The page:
Most vexing to me is the lack of assurance from the president that he will stay to finish the work he's begun, at least until June 2016. I understand the board's concern that they might have to conduct a search for a new president. Searches can be expensive and finding a good candidate who will accept the position is not assured.
This retention bonus covers three years, starting in June 2013 when the last contract ended. There's no explanation of why it took a year to renew the contract, but the practical consequence is that over one-third of the retention bonus time has already passed, and as of today, there are only 22 months left in the new contract. Surely the president could assure the board, for the sake of a smooth and well planned transition, that he will stay until then. That would give the board the security of knowing he plans to stay and remove the need for such a bonus. Does he not plan to stay? Is that why he doesn't say it?
Instead, he says "the timing isn't right." Does that mean they should wait for a better time?
OK, as someone who writes every day, I know that it is easy to misinterpret what someone says. Every reader reads the words differently. I'm just saying that as a retired faculty member with 30 years at UAA, I felt that the president could have made a statement that was more in tune with the university culture. He needed to send several messages to several constituencies (the regents, the university community, the state), both with what he said and how he said it:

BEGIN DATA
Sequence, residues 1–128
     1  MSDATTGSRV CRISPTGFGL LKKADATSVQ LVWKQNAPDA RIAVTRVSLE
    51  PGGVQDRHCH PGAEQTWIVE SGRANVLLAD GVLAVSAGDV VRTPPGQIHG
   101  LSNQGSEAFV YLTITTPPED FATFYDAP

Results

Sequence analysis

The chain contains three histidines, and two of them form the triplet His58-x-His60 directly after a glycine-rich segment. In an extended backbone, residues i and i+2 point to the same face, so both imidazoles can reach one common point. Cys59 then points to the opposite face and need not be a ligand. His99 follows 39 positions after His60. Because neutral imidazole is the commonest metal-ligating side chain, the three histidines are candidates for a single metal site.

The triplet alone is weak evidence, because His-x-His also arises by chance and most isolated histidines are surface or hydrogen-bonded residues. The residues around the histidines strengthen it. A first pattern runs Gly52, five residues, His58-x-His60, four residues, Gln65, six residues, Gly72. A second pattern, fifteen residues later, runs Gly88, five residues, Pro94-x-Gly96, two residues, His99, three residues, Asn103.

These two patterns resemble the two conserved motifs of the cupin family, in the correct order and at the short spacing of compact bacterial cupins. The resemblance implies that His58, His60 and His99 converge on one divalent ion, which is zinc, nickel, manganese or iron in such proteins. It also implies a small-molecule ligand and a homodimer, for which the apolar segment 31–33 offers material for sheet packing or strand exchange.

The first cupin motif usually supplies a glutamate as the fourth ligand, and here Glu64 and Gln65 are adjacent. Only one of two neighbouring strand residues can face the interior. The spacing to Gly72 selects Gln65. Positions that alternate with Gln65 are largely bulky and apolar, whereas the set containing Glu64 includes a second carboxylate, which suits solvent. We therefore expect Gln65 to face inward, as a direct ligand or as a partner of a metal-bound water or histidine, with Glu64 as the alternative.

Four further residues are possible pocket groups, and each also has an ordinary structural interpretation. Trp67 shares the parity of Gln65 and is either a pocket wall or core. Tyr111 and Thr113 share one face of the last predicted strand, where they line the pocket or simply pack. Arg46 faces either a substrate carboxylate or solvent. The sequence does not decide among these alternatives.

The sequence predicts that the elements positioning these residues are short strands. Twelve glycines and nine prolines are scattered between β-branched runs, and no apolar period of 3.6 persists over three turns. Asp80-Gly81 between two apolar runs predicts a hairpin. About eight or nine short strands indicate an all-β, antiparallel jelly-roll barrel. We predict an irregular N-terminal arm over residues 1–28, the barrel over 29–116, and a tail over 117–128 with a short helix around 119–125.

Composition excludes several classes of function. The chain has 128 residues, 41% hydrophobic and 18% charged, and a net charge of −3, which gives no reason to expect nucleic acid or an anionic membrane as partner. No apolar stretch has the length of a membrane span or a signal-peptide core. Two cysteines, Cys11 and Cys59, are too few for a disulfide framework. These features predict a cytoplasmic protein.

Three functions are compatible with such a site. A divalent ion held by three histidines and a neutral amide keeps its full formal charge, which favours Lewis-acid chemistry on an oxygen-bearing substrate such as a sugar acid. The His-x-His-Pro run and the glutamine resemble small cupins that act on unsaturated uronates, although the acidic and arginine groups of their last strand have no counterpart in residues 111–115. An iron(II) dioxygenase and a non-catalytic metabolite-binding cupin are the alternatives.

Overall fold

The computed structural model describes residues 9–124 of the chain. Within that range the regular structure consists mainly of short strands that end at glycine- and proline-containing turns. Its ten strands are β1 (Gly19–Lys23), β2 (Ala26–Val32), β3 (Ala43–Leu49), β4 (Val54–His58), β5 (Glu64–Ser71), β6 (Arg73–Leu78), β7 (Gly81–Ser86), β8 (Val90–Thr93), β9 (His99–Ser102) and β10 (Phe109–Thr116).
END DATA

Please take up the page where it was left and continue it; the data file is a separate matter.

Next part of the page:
- I've learned about the university culture, I've learned your language and values
- I assure you I'll finish the work I started and stay until June 2016, and so there's no need for a retention bonus
- Given the state's and university's budget problems, giving me a bonus big enough to pay for three senior faculty is inappropriate.
- I urge the board to rescind the bonus and use that money to save programs we have had to cut instead. [I'd note though, that this is future money, not current money.]
Of the four statements above, the only one he made was #3, and that was supported this way:
"The retention incentive has become a negative distraction at a time when there is a great need for all levels of the university community to pull together."The problem, he says, is that the bonus is a distraction. He doesn't say it was wrong. It seems he still doesn't get it.
Here's the whole email sent out: